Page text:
This exhibition tracks artistic practice in Portugal during the first half of the twentieth century, presenting its slow and complex modernisation in a context that was culturally and politically hostile to it. While the distances between various European countries began to diminish and the circulation of information became a celebratory aspect of the new world, modern art in Portugal evolved in individual and discontinuous episodes. In response to this local context, some of the most important Portuguese artists fled to Paris: first Amadeo de Souza-Cardoso, whose activities were interrupted by Wold War I and by his premature death; and then, more definitively, Maria Helena Vieira da Silva, whose Portuguese citizenship was withdrawn by Salazar.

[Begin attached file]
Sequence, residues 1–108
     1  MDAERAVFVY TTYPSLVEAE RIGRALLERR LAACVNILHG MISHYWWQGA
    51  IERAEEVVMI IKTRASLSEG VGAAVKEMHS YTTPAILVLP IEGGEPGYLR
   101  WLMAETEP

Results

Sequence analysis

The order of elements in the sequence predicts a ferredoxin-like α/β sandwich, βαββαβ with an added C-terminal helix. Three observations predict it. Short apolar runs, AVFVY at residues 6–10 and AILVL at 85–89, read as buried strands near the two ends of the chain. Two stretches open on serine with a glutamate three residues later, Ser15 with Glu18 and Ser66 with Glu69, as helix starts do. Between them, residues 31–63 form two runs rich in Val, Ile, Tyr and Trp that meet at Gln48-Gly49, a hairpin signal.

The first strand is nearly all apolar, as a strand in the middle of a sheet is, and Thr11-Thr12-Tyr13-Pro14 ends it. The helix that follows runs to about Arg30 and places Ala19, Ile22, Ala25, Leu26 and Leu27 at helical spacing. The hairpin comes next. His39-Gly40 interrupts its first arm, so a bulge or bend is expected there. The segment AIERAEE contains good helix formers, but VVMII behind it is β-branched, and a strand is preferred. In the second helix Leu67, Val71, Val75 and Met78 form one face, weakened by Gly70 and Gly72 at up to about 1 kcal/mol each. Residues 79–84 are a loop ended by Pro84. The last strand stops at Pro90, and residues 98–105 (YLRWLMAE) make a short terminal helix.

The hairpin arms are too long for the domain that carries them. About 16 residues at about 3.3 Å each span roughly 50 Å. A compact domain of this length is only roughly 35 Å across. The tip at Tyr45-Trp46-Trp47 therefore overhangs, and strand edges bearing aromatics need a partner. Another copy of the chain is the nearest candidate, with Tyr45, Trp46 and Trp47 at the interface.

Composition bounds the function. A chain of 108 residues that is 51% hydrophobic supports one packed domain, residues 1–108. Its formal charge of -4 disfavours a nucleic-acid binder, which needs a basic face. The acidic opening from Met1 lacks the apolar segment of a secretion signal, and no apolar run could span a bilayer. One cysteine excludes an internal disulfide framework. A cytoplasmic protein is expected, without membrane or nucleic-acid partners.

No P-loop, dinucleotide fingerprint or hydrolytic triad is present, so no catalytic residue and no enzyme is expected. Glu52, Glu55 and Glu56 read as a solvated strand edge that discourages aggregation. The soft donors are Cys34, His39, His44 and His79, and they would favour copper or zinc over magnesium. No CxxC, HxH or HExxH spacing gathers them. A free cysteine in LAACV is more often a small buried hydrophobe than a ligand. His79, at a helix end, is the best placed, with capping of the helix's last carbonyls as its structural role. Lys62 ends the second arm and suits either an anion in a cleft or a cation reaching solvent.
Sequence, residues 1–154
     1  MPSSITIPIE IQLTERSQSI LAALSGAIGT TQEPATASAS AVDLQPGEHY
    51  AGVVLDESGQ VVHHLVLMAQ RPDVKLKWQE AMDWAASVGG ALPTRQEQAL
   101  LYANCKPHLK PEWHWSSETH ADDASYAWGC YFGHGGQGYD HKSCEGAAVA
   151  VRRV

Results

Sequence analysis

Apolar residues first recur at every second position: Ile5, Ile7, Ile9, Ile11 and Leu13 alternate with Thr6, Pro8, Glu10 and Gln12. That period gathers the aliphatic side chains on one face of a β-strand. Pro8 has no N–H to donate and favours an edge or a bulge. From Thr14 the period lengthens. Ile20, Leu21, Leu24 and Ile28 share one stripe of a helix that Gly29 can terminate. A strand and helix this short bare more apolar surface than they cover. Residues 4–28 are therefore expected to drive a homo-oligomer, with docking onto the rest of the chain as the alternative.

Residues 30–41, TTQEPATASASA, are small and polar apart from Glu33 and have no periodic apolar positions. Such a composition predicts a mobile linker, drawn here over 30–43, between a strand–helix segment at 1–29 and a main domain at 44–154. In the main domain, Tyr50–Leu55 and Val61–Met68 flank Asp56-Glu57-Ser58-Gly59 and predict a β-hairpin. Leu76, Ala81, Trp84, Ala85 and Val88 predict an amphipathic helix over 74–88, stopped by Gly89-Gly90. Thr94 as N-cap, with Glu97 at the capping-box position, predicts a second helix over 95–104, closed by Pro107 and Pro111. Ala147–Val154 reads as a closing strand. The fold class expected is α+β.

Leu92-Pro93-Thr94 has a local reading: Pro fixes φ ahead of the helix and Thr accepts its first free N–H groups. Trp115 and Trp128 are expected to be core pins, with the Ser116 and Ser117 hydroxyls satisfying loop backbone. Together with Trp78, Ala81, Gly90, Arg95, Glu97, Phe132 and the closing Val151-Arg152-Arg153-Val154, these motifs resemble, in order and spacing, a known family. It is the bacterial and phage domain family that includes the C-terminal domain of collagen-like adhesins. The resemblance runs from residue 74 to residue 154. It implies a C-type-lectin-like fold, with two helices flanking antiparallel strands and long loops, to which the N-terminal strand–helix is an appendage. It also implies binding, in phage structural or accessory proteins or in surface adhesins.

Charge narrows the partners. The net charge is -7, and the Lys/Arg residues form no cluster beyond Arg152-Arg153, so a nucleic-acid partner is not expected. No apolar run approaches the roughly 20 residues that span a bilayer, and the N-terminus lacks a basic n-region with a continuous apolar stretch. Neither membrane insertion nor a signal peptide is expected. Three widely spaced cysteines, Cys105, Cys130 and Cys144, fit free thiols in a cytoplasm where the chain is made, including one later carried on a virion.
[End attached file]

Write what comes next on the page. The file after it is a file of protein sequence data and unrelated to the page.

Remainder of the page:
The dynamism of the vanguards in the incipiently modern context fomented some significant experiments, whether at the beginning of the twentieth century or with the third modernist generation, at the transition of the 1940s and 1950s. Here, developments in photographic practice during this period are being exhibited for the first time. They have almost always been marginalised by the disciplinary traditions of Art History, but they emerge here as playing an important role, engaged in constructive dialogue with other artistic practices. It is to this period and to the reconfiguration of modernity that this exhibition pays particularly close attention. It was, in effect, in Abstractionism, Neo-Realism and Surrealism that this modernity bore fruit, its seeds sown by Amadeo de Souza-Cardoso and Almada Negreiros, and the participating artists imparted both substance and conflict to those movements. At its other temporal extreme, Joaquim Rodrigo and Paula Rego pointed the way to new directions, new fictions.
Director of the Museu Nacional de Arte Contemporânea – Museu do Chiado